Quick Thoughts: TWTR: Jack’s Back, What Now?


After nearly four months of equivocating, the final hold out director on the Twitter board has finally capitulated and the company has announced what had already been discussed ad nauseam across its investors’ timelines – founder Jack Dorsey will be the permanent CEO, concurrent with his position as CEO of imminent IPO Square. This part-time arrangement was obviously the sticking point in the protracted process, but ultimately @jack’s performance in the interim role won over the skeptics. In contrast to his first run as Twitter CEO a few years ago, Dorsey has articulated a clear vision for the company and strategies to fulfill that vision. He has the enthusiastic support of a talented executive team that can compensate for his split responsibilities. The timing of the announcement, just a couple of weeks before earnings also shows confidence that the initiatives that he has been driving forward to address a stagnant registered user base and unenthusiastic reviews of the company’s consumer application are on track.

What is Dorsey’s vision? He tweeted out some of that this morning:
“Twitter is the most powerful communications tool of our time. It shows everything the world is saying …10-15 minutes before anything else. We’re working hard at Twitter to focus our roadmap on a few things we can make really great. And we’re strengthening our team along the way. Our work forward is to make Twitter easy to understand by anyone in the world, and give more utility to the people who love to use it daily!”

Toward that end, Dorsey and his team have been working on improvements to Twitter that are expected to roll out over the next few months. Project Lightning will offer a constantly changing choice of curated content focused on the hot topics of the day, enabling both registered users and visitors to immerse themselves in the best commentary, images and video related to those events, bypassing the “onboarding” headaches of finding the right tweeters to follow and learning how to find the right hashtags. The curation is a big aspect to this, as Twitter has assembled a team of editors ready to construct relevant event channels on the fly, freeing users from slogging through extraneous content while they are focused on a specific topic.

Twitter is also talking about ending its longstanding limit of 140 characters per tweet. Enabling a click on a short snippet to open up long form comment directly will put more of the content directly on Twitter, keeping the users within the app and speeding their experience. This will also help content partners stay in front of their audience and open up shared revenue for embedded advertising. The ability to present more compelling product descriptions could also combine with Twitter’s ongoing buy button initiative, which was recently opened to a much wider range of merchants via agreements with Shopify, Demandware, and Bigcommerce.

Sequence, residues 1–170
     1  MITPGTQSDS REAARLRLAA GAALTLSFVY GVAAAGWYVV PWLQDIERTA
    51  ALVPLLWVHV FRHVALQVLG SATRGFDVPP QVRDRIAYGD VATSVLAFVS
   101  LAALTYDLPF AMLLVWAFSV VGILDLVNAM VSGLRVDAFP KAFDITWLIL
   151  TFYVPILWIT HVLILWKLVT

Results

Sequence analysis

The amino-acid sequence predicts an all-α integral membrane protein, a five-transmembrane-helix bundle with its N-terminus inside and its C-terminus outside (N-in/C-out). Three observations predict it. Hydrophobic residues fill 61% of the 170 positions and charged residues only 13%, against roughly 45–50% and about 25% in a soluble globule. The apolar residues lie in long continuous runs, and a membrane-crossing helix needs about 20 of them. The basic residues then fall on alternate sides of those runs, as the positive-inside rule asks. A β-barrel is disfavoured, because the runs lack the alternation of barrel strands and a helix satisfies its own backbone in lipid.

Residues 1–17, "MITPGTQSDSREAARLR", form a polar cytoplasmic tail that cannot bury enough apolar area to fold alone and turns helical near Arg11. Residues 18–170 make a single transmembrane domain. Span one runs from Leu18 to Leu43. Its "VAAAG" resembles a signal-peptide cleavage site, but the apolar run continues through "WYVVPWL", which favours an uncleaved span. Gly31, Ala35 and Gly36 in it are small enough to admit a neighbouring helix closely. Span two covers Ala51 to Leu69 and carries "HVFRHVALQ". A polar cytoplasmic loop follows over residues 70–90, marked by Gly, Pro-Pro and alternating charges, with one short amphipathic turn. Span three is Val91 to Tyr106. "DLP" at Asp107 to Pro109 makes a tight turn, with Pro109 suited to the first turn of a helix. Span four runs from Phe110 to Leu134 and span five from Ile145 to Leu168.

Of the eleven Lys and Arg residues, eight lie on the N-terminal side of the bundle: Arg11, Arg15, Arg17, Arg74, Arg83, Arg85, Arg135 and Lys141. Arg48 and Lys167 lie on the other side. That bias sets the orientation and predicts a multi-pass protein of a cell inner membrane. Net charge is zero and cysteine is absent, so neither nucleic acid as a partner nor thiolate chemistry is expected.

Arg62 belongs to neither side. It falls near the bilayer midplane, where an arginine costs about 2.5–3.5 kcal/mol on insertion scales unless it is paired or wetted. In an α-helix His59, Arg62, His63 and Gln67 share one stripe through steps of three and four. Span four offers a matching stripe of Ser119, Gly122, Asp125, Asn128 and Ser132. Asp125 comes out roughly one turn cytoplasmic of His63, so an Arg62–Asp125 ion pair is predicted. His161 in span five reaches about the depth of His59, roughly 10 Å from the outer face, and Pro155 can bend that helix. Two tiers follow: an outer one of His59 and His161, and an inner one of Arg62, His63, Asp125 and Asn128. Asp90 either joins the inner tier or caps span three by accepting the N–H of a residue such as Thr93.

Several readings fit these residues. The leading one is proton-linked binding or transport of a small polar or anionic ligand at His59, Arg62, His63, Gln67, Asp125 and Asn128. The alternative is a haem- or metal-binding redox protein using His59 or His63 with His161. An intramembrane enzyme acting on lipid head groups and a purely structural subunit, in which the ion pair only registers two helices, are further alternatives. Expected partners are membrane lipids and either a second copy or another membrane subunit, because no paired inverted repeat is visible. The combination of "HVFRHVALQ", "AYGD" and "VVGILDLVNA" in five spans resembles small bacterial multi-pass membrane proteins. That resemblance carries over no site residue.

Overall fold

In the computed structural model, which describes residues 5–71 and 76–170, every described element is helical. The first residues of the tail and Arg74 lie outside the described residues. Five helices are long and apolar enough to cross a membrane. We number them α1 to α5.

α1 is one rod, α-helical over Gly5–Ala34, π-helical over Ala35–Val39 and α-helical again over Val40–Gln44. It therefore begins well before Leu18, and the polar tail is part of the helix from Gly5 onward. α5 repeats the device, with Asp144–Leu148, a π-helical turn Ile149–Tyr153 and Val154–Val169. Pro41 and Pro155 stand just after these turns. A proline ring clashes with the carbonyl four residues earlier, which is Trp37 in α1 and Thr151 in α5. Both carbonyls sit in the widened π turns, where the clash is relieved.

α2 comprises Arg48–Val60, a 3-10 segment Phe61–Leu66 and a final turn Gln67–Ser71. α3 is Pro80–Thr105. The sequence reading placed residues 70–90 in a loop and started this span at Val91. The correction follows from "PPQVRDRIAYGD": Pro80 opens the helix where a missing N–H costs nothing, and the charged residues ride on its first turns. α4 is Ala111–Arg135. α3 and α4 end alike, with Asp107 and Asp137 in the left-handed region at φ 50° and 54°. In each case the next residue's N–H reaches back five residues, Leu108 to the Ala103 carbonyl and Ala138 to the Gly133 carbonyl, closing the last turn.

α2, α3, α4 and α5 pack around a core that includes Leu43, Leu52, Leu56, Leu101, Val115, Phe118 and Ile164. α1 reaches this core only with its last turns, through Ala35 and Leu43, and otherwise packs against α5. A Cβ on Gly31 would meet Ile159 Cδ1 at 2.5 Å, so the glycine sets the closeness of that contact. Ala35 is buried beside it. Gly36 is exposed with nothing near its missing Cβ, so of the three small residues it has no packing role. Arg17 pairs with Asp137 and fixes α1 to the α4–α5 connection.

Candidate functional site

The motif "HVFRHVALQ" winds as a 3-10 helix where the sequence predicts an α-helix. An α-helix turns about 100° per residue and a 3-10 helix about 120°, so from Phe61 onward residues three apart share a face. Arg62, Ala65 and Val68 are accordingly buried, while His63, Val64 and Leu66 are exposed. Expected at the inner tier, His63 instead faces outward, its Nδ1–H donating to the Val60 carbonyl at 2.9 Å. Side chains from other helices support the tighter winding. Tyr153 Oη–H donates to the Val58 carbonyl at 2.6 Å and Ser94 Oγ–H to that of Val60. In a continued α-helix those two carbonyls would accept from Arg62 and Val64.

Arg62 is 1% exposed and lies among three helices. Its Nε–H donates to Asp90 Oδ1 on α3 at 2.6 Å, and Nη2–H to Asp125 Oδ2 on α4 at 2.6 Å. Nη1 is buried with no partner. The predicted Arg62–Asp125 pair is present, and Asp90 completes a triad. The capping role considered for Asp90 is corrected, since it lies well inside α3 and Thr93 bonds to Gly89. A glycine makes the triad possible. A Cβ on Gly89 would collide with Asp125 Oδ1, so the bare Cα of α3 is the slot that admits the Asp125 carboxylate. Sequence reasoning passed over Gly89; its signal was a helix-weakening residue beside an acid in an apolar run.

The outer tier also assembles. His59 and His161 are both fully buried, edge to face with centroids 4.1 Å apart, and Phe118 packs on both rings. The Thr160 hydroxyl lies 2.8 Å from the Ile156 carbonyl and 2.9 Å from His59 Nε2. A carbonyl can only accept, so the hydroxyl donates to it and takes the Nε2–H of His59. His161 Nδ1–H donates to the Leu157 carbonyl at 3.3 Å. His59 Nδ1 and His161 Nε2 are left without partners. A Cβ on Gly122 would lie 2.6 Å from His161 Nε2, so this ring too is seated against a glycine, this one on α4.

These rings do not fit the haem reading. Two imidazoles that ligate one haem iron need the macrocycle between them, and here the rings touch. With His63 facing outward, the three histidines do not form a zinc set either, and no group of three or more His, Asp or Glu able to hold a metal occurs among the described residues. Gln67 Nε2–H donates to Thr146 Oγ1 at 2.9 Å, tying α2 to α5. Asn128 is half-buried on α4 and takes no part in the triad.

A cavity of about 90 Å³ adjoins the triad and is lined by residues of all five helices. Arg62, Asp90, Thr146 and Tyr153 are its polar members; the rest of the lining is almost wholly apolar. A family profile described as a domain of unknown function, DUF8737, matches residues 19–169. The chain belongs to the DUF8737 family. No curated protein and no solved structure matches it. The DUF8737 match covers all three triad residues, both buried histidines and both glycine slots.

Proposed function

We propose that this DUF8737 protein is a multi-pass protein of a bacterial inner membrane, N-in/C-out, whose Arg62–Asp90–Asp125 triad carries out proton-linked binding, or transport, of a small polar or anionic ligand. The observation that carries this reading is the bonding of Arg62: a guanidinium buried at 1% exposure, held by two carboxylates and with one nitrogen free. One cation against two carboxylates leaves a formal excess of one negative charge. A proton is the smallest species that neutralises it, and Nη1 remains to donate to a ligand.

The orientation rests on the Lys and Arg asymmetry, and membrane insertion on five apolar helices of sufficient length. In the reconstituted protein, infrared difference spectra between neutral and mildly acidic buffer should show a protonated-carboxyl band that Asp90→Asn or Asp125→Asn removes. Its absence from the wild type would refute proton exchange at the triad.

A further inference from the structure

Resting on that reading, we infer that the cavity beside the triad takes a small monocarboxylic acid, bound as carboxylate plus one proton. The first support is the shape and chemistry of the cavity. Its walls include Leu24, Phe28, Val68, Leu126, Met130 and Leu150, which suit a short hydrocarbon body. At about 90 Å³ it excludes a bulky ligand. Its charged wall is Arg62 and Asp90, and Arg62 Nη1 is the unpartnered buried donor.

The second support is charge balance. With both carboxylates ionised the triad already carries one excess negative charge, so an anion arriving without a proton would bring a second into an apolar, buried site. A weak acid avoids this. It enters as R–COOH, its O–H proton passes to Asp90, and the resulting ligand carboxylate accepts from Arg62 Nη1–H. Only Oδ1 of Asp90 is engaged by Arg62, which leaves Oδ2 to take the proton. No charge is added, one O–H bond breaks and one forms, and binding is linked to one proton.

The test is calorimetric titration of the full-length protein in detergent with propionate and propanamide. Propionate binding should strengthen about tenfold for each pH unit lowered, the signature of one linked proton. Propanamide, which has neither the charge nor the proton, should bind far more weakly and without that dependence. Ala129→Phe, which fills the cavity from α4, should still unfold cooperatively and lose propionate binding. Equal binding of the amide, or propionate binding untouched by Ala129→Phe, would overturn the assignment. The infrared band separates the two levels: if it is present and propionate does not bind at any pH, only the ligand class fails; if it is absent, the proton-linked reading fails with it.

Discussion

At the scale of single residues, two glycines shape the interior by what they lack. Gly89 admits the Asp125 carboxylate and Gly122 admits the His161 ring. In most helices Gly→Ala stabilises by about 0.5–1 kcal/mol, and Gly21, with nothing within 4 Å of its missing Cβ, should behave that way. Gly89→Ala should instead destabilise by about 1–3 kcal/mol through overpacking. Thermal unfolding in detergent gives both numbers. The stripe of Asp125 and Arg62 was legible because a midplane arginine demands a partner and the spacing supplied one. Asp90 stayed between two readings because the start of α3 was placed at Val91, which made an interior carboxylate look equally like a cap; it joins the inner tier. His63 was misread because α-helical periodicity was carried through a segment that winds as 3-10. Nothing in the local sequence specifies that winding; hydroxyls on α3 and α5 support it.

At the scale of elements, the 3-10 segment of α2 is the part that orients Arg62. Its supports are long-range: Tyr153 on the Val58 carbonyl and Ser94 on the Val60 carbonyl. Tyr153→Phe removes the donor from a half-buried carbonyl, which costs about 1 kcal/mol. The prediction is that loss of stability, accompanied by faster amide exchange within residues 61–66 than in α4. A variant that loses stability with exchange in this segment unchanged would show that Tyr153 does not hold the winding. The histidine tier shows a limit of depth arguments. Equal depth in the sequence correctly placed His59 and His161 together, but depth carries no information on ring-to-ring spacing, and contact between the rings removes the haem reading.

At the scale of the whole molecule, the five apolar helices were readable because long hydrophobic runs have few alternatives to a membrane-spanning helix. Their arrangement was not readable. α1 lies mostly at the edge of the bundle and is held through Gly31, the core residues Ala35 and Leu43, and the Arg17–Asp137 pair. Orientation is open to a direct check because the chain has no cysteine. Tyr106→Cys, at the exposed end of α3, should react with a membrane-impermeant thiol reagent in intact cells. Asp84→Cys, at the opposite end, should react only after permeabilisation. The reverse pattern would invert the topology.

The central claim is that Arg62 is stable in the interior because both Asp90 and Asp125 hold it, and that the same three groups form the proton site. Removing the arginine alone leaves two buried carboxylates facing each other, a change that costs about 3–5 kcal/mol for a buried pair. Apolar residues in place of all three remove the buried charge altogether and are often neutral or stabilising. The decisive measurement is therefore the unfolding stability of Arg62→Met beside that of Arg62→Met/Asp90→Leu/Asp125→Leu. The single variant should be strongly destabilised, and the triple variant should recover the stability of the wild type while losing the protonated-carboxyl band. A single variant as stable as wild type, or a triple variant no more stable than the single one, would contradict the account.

A search has also been underway for a chief marketing officer, with the company suggesting that a hiring announcement is close. The CMO would immediately begin presiding over a long overdue drive to educate would-be users on the value of the service and to promote the move to make Twitter easier to use. This on-going campaign could be the breakout vehicle that sets the company back on a track of strong user growth.

While investors are obviously impatient to see that user growth, they have little to complain about with monetization. Despite stagnant registered monthly user numbers, revenues continue to grow at a better than 60% clip, as advertisers recognize Twitter’s powerful native formats. The executive responsible for that growth, COO Adam Bain remains on board as Dorsey’s #2 and a critical reason why we think the part time CEO approach could work. Bain was rumored as the primary rival for the top position, but his friendship and respect for Dorsey and his enhanced responsibilities appear to leave him enthusiastic for his future with the company. This is a very good thing. The hashtag #adambainissonice trended well this summer among Twitter employees as an indicator of morale.

So Jack Dorsey now steps into the footprints of Steve Jobs and Elon Musk as visionary founders with their hands on more than one creation. Even when he was out of the day to day operations of Twitter, his position on the board kept him close to the organization, and the last 4 months an interim leader have left him comfortable and effective in the dual roles. Square headquarters in San Francisco are a short walk from Twitter, making it easy for Dorsey to spend a morning in one office and the afternoon in another, delegating execution to the strong teams on hand in both locations.

We believe that Twitter is ready for a serious breakout. The coming quarters should show continued powerful revenue growth as the fruits of Project Lightning, the marketing campaign and other initiatives re-start the growth in the user base. This could be Jack and Twitter’s “Steve Jobs” moment.

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